Whether hanging stockings, lighting candles on a menorah or gathering for an Airing of Grievances, if you are an IT professional visiting family this season, you will inevitably be asked to fix the family computer, tablet, smartphone or programmable thermostat while you’re there.

As an introvert, I use the hour I might have to spend uninstalling browser toolbars and removing adware to recharge from the intensity of so many people crammed into one place. It’s my own little holiday within a holiday. However, I do wish I could leave my family with a list of things not to do on a computer or tablet.

Fortunately, there’s enough combined internet security brainpower at IBM to create such a list. In fact, we have a handy printable version you can leave with your folks on your next visit.

Online Safety Tips to Fix the Family Computer

At its core, the advice boils down to increasing awareness of your digital surroundings. Here are some examples.

Trust Is Tops

  • Only use trusted apps or software. Download apps directly from trusted app stores such as iTunes and software from well-known sites such as CNet. Be especially careful of apps or software you’ve never heard of or malware posing as legitimate apps. If you’re unsure if an app is legitimate, check the ratings and reviews in the app store. If it’s a major retailer and it only has one review or a low rating, it might be a copycat.
  • Don’t trust every search result. Just because you get dozens of search results for “free golf handicap spreadsheet calculator” doesn’t mean you should download each one to try them all. Office documents and spreadsheets are notorious for hosting malware within embedded macros. If you frequent forums or communities of interest, ask what software others have used.
  • Beware of extras when installing software. Even legitimate software or browser add-ons can be accompanied by malware. Remember that every new app or software you install is a new potential entry point for cybercriminals. Be sure to uncheck extra software options unless you really need them.

Don’t Click That

  • Beware of unexpected emails. IBM X-Force has observed scammers using fraudulent package tracking emails, for example, to spread malware such as Locky ransomware. Be cautious and wary of unsolicited emails.
  • Double-check links. Scrutinize links in emails and social media posts. Hover over the URL to make sure a link directs to a legitimate website before clicking it.

Protect Your Passwords

  • Don’t save your info. Yes, it’s a pain to retype your info every time you want to order something online, but you should never save your password or credit card information in retail or bill payment sites, especially those you don’t frequent.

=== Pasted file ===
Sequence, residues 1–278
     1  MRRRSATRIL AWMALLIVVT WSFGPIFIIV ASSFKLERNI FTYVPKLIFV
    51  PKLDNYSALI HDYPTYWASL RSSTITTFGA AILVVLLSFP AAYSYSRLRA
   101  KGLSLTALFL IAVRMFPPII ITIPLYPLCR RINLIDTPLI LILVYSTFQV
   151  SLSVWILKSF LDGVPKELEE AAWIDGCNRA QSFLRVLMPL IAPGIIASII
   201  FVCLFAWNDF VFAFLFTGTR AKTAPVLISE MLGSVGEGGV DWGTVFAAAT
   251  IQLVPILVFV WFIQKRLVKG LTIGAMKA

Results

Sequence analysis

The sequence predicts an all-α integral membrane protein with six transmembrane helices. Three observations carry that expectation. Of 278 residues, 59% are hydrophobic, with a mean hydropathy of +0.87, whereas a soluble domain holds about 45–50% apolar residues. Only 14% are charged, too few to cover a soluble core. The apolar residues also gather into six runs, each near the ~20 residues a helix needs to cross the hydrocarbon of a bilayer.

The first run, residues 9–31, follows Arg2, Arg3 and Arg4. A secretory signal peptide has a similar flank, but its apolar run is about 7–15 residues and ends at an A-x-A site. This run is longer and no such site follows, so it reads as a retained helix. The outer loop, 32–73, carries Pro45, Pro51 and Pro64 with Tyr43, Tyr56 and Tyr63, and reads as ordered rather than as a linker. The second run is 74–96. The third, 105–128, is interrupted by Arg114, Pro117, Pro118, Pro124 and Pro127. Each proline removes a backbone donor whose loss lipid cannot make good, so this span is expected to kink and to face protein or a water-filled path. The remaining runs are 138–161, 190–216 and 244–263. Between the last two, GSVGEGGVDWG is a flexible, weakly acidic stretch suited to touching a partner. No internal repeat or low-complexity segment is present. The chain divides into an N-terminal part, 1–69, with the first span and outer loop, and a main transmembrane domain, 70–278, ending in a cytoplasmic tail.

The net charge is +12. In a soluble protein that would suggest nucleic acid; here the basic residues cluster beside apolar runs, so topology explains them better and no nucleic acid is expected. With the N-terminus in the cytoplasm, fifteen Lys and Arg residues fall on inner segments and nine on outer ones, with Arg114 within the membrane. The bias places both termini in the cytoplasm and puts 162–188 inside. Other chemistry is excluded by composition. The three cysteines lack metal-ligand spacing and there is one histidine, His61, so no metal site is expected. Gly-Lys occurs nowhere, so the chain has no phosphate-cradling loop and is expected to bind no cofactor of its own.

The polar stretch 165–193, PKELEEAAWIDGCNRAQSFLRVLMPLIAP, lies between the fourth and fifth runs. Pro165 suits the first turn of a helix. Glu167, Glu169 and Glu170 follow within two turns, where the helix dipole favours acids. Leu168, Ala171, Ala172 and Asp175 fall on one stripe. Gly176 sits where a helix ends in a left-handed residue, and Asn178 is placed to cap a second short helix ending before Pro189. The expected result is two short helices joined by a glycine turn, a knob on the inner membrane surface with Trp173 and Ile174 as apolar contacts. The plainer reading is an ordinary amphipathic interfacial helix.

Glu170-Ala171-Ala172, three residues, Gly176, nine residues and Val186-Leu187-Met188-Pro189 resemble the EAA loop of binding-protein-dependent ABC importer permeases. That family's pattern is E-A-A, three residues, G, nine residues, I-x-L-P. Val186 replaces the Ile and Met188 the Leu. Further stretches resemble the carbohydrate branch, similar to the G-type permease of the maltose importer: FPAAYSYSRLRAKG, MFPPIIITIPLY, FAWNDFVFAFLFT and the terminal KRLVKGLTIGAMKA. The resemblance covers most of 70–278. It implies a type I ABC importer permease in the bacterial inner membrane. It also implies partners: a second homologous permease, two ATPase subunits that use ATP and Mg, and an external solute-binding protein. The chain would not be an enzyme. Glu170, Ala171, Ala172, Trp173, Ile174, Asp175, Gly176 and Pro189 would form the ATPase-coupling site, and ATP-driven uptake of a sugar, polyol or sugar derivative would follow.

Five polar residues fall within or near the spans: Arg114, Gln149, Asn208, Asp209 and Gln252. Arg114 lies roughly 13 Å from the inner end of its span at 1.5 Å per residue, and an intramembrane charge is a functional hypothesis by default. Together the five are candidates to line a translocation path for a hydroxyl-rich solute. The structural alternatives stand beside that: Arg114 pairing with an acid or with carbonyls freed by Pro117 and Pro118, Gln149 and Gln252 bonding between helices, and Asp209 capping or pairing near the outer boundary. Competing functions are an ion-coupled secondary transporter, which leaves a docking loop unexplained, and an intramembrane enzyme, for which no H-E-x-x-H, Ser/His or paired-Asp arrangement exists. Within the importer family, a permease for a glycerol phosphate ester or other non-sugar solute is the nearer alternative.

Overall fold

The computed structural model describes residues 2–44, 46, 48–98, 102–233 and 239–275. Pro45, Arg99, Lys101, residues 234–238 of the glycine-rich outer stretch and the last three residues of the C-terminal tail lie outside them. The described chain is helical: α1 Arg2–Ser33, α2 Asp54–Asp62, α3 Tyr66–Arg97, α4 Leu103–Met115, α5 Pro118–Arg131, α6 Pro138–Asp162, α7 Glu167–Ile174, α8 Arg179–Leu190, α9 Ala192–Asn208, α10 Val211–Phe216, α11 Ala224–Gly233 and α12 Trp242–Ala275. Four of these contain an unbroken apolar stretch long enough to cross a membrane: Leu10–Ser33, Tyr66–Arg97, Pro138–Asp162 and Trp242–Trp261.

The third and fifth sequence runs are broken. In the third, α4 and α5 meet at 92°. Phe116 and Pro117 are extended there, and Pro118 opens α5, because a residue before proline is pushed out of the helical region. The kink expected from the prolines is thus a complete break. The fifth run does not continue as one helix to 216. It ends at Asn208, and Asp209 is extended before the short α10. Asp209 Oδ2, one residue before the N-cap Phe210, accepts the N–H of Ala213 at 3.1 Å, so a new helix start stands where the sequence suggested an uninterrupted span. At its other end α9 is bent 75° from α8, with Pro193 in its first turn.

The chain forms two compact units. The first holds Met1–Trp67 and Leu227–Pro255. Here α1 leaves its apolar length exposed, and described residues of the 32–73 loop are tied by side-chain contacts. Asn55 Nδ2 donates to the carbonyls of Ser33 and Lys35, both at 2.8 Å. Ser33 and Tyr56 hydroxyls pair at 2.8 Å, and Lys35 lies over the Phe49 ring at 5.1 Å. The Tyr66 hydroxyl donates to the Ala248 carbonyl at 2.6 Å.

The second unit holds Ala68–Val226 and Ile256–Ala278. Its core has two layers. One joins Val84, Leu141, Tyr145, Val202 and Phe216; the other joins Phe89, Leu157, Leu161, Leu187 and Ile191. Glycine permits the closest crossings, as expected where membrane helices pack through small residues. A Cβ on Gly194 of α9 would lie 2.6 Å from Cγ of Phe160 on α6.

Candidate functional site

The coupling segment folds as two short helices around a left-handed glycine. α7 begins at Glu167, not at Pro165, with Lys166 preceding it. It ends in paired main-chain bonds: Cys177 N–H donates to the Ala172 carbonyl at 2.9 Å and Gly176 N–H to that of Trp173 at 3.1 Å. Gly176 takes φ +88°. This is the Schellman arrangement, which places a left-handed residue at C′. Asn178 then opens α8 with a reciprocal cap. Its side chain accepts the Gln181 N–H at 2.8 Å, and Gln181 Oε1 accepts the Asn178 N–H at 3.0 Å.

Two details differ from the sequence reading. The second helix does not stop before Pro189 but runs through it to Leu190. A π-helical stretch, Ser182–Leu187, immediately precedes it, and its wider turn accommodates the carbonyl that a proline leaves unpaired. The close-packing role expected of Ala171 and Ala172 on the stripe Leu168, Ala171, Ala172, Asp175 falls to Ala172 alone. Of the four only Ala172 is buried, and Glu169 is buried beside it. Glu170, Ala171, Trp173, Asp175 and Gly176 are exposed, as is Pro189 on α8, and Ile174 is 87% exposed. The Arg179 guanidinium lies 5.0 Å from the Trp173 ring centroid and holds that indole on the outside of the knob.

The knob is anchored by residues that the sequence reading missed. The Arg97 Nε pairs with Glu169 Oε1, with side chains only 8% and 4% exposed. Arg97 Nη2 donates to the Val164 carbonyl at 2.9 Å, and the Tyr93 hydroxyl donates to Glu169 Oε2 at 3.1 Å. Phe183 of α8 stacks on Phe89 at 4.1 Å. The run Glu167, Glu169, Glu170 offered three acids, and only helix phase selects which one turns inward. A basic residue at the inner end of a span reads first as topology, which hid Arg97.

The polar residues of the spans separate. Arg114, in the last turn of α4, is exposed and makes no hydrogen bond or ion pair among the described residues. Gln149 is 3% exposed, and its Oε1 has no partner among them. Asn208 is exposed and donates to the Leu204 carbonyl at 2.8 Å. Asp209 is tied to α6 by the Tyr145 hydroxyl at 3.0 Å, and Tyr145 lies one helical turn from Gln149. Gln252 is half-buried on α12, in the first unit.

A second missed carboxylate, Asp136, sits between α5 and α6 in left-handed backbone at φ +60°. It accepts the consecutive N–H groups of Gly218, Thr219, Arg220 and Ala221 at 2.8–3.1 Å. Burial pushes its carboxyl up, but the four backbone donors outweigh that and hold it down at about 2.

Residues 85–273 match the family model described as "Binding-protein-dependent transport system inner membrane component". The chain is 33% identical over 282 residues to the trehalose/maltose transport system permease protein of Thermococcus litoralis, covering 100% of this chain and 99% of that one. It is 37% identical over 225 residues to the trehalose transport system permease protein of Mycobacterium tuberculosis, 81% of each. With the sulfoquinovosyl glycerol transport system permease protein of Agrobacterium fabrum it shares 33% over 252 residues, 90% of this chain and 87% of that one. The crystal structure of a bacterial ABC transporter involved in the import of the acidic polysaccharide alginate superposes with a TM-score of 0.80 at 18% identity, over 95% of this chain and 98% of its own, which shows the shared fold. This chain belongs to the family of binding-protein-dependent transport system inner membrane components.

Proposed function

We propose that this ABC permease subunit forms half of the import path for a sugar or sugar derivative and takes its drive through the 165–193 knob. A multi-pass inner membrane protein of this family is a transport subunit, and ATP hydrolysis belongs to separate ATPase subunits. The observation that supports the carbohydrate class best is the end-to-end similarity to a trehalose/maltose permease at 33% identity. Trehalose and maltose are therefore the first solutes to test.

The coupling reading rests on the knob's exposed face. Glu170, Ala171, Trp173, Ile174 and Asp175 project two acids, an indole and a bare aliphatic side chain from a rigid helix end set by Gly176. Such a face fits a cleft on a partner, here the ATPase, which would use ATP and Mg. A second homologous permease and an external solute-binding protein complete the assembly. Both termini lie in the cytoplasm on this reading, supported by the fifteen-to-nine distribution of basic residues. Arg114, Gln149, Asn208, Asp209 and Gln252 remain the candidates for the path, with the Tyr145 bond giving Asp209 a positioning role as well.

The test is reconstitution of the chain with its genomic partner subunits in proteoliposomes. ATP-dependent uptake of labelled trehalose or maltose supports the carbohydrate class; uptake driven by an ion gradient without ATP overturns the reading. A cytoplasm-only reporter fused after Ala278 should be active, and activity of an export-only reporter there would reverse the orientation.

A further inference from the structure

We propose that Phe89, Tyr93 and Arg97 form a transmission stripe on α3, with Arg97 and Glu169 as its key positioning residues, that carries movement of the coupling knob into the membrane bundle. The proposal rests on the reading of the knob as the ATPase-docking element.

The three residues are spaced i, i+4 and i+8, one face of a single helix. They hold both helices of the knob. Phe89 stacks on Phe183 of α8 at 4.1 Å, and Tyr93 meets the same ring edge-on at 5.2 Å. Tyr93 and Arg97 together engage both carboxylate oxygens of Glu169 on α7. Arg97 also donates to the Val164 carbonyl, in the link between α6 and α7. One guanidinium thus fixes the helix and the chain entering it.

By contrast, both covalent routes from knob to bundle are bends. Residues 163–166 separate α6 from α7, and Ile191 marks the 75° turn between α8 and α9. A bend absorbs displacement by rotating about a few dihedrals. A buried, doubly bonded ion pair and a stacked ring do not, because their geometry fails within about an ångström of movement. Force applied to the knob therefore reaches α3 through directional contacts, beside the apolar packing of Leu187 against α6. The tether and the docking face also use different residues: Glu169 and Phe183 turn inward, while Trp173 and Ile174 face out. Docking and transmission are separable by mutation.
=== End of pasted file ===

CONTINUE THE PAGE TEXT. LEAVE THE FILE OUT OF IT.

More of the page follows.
• Use a special shopping email address and password. Have a separate email address just for retail websites and create unique passwords for each account. Use a password wallet to store your login credentials.
  • Get creative with password reset questions. When filling out account information, opt for the password reset question that doesn’t involve public information. For example, don’t use your high school mascot, since that could be found online. Instead, pick a subjective question (favorite dessert, favorite song, etc.) and enter answers that only you would know. You can also create unique answers to each question and store them securely in a password wallet.

Control Your Credit Cards

  • Opt for credit over debit cards. Use credit cards instead of debit cards whenever possible. Credit card providers offer protections if your card is compromised and won’t dock your checking account if there’s an issue.
  • Use one-time credit cards. You may want to consider a one-time credit card when buying from a nontrusted or entirely new retailer. That way, you can avoid putting your personal card data at risk.
  • Monitor accounts for unusual activity. Be sure to check your accounts frequently, especially during the holiday shopping season. Visit any of the three credit bureaus — Equifax, Experian or TransUnion — to place a fraud alert or freeze on your credit report or to learn more about credit fraud.



Have a Happy, Hack-Free Holiday!

I wish my fellow IT professionals luck this holiday season. Personally, I hope I won’t have to fix the family computer again in 2017. I will, however, commit to fixing the adjustable thermostat, since I’m always the coldest one in the house.

If you’d like to learn more about particular attack vectors, check out the many reports available from the IBM X-Force research hub. And don’t forget to print the handy tips list above to leave with your family!

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